MORE FREE OED.

Back at the start of the year, the OED temporarily allowed free access to the site (see here); now they’re doing it again in conjunction with a follow-up to the TV series Balderdash and Piffle. Look ‘em up while they’re there! (Thanks for the tip, Pat.)

Comments

  1. frecklefaerie says:

    Thanks, languagehat! I sense a direct correlation between an increase in my etymological knowledge and a decrease in my productivity this week.

  2. Jose Luis says:

    I would like to know if my mother’s family name TEROL is a jewish surname. I think Teruel was the name of the some Jewish people living in Aragon ( Spain) and when the had to move to Valencia they must change their surname by the valencian surname Terol. Teruel=Terol.
    Can anyone to hel me about it?
    Thanks grom Barcelona.
    Jose Luis Loopez Terol

  3. Paul Clapham says:

    Thanks for the news. I had been meaning to make a trip downtown to look at the public library’s copy. I wanted to know whether certain little brown South American birds should be called “cachalote” or “cacholote”. (OED didn’t have either version.) And I wanted to know whether a certain type of Spanish brushland should be called “mattoral” or “matorral”. (OED didn’t have either version.) (But the latter looks right to me because it matches “chaparral”.)
    Oh well. Saved me a trip downtown anyway. When the Real Academia Española server comes back up I will see what it has to say about those words in Spanish.

  4. If you’re a member of a participating UK public library you can get access to the online OED with just the number on your library card (from anywhere, not just a library computer). Essex and Cambridge at least do this. So if you’re a UK resident it’s worth digging through your local library’s website…

  5. Paul: For what it’s worth, my Spanish dictionaries say cachalote is ‘sperm whale’ and don’t have cacholote at all. The brushland is indeed matorral.

  6. The Russian word for “sperm whale” also happens to be kashalot. This insistence on the second “a” is interesting, since the Portugese original probably derives from “cachola” (head).

  7. Thanks, Hat! By the end of the week I will have traversed the entries for ‘you’, ‘are’, ‘fired’, and ‘buster’.

  8. How odd: I assumed the OED was free, and have been using it to look things up when dictionary.com is no help. Until, just the other day, OED was suddenly subscription only! The really sad part is that now I can’t remember the word I wanted to look up.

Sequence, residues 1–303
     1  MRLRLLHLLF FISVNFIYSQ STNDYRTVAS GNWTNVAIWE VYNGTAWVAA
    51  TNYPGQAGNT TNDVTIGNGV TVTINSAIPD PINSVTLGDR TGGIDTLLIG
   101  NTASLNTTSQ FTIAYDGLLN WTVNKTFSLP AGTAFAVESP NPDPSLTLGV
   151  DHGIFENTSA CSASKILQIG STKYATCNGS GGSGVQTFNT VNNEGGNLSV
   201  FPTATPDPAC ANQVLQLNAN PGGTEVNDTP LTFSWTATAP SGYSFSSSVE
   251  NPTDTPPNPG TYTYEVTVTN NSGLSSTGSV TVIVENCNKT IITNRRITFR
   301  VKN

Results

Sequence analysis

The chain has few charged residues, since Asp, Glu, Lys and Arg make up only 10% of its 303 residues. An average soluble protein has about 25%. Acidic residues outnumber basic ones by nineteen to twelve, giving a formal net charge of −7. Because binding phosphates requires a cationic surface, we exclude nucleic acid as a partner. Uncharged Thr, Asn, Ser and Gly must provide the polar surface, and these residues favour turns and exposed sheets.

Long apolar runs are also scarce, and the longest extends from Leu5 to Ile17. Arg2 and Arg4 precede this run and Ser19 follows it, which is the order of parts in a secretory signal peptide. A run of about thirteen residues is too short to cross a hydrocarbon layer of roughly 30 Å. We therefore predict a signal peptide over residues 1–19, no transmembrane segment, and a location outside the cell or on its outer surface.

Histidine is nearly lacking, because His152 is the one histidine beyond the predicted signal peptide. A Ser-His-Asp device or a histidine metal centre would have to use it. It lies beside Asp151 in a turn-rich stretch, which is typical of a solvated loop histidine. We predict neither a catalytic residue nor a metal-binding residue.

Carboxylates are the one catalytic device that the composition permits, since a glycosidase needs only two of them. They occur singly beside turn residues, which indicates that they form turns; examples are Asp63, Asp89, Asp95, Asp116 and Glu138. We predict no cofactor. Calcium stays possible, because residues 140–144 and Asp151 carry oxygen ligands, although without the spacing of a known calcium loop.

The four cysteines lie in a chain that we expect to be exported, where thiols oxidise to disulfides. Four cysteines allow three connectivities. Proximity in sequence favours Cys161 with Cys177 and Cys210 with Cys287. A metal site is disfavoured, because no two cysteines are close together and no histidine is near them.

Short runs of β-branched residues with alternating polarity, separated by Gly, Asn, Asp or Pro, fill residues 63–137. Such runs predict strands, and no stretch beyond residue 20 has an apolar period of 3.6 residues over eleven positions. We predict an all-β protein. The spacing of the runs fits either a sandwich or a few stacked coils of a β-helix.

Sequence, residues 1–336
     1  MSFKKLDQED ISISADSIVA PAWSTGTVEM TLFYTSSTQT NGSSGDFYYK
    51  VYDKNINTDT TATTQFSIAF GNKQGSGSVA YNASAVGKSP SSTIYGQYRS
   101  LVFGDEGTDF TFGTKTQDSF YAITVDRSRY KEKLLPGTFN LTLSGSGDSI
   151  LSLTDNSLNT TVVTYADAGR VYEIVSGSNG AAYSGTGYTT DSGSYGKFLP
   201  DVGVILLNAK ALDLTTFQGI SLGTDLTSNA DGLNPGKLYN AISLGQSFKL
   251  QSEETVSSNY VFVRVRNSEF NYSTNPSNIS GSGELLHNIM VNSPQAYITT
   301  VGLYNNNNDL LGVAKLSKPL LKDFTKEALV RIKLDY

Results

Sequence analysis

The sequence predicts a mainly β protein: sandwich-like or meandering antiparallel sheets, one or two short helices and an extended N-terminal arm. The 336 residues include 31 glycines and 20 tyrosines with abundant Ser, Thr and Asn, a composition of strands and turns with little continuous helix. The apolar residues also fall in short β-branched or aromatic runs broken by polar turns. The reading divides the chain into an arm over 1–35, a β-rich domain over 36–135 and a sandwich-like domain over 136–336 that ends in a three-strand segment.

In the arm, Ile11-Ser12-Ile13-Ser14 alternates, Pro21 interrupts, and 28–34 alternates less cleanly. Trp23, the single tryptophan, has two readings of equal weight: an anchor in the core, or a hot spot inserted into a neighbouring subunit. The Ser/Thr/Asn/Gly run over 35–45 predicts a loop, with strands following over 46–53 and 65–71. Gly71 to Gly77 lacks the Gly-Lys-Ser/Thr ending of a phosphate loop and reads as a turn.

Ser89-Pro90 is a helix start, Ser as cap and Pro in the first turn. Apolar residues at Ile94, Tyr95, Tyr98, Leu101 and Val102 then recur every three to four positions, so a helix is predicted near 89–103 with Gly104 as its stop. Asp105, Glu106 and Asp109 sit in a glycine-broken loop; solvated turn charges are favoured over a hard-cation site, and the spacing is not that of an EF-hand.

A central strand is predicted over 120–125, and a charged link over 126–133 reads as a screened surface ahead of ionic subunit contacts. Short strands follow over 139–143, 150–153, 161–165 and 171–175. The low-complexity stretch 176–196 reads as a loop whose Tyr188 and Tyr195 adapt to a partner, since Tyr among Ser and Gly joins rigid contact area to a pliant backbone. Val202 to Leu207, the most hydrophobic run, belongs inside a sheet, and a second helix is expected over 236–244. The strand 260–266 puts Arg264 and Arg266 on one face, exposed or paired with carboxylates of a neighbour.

9. Janet Egan says:

    Checklist of South American birds at http://www.arthurgrosset.com/sabirds/ lists the common name of Pseudoseisura lophotes as Brown Cachalote and Pseudoseisura cristata as Caatinga Cacholote. Given that Pseudoseisura cristata is a Brazilian endemic maybe the second spelling is Portuguese and the other one Spanish. Can’t find my South American field guide … I think I left it in Chile sometime ago… I think it was a Collins guide though.
    Cachalot is definitely sperm whale … “Macrocephalous of the long words” or Moby Dick.

  10. Paul Clapham says:

    Mention of “free OED” reminded me that when I go to our public library’s website (not anywhere near England) there is an “Electronic Resources” link. Turns out that one of those resources is… you guessed it, the OED. Just put in my library card number and there it is.
    I don’t know how much of my cachalote/cacholote research anybody here really wants to know about. The majority of names for Pseudoseisura on the Internet are “cacholote”, but these (and “cachalote” likewise) are almost all copied from a very small number of sources. My impression from a tiny survey of scientific papers is that older papers use “cachalote” and newer papers use “cacholote”, but that’s just an impression.
    The Portuguese angle doesn’t seem to help because the Brazilians call the bird something completely different. My Collins field guide to the birds of southern SA did survive our trips to Chile and it claims that the Spanish name for the birds (in Argentina) is “cacholote”.
    However I have a copy of Sibley and Monroe’s 1993 World Checklist of Birds in which they use “cachalote” in the index and “cacholote” in the main part of the book. My hypothesis is that this lapsus was the reason the spelling changed in English. But maybe not.

  11. Andrew Dunbar says:

    I think it’s over again already )-:

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